(Bloomberg) -- Pakistan tops the list of countries at the highest risk of experiencing new mass killings, according to a new report that cites violence by a local offshoot of the Taliban as one of the main challenges for the nation already facing political and economic crises.

“Pakistan faces multiple security and human rights challenges, including increasing violence” by the Tehreek-e-Taliban Pakistan, or TTP, according to a report by Early Warning Project, a research organization that identifies countries at risk of mass violence. 

Threats of attacks by the Islamic State and the country’s blasphemy laws, which have resulted in episodes of mob violence against religious minorities, were other factors for Pakistan’s high-risk ranking. Political volatility, following the ouster of former premier Imran Khan, was also expected to lead to “highly contentious” elections next year, according to the report.

The study comes days after an announcement by the TTP militant group ending a monthslong agreement with the government to pause violence and ordering its fighters to resume attacks.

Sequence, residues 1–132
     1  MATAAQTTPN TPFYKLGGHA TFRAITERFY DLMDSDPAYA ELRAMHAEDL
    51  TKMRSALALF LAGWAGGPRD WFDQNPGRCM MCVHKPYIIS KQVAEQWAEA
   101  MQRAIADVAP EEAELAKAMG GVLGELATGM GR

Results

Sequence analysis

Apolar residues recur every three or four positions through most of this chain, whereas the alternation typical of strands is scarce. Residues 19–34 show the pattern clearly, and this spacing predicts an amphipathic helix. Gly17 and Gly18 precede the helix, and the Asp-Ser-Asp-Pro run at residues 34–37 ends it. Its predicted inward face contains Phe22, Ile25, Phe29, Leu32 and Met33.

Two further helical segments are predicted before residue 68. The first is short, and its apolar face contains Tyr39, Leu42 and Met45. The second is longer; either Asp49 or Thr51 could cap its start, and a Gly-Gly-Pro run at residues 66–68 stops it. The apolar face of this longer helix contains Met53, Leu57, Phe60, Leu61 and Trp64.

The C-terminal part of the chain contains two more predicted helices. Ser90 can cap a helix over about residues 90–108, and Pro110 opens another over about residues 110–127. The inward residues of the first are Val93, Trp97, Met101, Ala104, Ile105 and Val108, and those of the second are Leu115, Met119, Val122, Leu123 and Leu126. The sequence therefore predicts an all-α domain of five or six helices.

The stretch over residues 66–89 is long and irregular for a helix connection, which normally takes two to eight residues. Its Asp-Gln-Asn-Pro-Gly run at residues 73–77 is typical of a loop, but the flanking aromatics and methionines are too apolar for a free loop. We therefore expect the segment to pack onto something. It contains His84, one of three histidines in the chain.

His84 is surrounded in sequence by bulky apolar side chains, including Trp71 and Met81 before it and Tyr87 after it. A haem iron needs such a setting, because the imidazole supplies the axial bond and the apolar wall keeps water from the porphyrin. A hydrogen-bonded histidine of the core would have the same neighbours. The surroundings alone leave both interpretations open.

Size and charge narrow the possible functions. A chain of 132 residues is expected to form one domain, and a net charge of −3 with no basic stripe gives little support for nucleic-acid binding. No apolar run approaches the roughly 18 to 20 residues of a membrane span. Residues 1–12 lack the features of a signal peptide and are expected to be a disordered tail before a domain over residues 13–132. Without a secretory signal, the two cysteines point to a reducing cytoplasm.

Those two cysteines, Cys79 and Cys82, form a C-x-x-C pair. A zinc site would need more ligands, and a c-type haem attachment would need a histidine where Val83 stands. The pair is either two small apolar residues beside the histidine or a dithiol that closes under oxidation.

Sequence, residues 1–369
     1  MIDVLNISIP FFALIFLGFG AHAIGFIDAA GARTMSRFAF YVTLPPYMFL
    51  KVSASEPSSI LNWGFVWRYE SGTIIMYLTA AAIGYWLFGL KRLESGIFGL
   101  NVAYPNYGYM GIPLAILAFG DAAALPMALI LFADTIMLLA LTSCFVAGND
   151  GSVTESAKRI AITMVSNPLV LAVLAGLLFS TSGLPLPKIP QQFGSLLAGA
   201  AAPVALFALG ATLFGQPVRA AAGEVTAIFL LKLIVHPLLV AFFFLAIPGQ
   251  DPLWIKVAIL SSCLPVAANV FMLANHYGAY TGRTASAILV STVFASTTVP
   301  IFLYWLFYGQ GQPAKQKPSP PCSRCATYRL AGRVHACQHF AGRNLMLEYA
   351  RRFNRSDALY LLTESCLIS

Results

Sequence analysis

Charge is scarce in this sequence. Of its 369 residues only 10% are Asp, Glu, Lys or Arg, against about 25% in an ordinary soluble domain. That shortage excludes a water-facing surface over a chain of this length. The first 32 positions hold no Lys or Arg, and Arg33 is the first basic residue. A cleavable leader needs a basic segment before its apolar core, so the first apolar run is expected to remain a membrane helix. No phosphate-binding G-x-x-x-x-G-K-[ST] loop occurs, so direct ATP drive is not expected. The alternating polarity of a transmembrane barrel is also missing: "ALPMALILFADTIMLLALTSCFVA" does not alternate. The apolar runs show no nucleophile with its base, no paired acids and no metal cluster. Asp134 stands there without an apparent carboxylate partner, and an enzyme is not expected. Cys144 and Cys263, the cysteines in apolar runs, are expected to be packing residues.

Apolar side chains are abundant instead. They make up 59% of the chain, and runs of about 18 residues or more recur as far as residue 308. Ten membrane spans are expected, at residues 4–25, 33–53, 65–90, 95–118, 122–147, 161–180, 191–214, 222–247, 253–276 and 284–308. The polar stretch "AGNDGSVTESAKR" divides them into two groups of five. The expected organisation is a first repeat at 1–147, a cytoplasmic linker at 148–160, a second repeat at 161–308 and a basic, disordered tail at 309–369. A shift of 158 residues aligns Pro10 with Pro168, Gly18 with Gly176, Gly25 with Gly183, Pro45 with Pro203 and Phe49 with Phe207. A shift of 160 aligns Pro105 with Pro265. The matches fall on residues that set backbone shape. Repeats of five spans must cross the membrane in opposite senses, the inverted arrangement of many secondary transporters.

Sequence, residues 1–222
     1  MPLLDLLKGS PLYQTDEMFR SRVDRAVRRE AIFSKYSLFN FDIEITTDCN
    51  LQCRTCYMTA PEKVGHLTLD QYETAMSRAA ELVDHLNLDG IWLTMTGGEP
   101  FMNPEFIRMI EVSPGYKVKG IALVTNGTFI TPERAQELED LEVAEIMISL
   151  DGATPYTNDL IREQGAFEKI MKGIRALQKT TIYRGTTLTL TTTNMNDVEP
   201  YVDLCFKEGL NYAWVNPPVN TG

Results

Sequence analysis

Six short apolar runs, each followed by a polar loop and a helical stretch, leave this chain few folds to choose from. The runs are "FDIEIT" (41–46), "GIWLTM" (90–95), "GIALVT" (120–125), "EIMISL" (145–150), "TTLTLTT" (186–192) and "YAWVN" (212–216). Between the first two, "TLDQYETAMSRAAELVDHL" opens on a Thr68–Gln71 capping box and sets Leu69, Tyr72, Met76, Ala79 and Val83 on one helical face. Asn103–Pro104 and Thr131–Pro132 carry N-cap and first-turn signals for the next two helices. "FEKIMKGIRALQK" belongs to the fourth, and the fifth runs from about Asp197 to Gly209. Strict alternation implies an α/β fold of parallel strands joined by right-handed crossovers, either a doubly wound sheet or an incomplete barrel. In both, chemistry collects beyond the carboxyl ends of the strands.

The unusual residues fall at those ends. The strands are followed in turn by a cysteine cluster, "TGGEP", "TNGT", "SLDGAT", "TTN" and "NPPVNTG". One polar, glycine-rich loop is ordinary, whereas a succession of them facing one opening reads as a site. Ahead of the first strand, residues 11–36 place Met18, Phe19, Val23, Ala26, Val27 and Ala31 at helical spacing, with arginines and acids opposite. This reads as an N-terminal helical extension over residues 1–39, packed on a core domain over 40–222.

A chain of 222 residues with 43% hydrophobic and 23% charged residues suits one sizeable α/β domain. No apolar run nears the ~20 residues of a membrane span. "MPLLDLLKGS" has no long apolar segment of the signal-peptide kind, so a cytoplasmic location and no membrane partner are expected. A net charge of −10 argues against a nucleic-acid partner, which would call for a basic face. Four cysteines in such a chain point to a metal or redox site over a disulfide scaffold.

Pakistan’s neighbor Afghanistan ranked seventh on the list because of its growing targeted killings at mosques and other public places after the Taliban’s takeover of the country last year. 

The Early Warning Project is a joint initiative of the Simon-Skjodt Center for the Prevention of Genocide at the United States Holocaust Memorial Museum and the Dickey Center for International Understanding at Dartmouth College.

Two other Asian nations were on the top ten list -- Myanmar, where the military seized power in a February coup last year, was at number three. India was ranked eighth as Prime Minister Narendra Modi’s Hindu nationalist government has increased its systematic discrimination against the country’s Muslim minority, the report said.

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